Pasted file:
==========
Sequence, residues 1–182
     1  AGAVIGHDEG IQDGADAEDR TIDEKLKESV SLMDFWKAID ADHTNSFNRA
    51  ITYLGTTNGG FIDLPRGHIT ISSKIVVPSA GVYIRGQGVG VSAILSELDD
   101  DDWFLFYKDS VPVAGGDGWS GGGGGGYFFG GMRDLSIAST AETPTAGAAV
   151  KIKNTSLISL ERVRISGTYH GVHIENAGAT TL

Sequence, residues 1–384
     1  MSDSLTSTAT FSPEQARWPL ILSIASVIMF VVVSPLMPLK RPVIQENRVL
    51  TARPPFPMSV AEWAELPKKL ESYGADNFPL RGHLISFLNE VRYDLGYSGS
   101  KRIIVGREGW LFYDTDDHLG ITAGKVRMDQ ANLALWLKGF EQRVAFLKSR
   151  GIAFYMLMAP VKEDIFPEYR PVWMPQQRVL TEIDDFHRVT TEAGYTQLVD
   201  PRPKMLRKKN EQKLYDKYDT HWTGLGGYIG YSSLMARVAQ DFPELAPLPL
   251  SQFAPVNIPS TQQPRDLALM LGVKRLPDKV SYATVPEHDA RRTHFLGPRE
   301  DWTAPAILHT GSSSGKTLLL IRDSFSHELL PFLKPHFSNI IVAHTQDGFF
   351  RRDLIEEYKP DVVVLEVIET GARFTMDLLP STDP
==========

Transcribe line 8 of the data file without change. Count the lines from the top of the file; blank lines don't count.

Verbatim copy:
    51  TARPPFPMSV AEWAELPKKL ESYGADNFPL RGHLISFLNE VRYDLGYSGS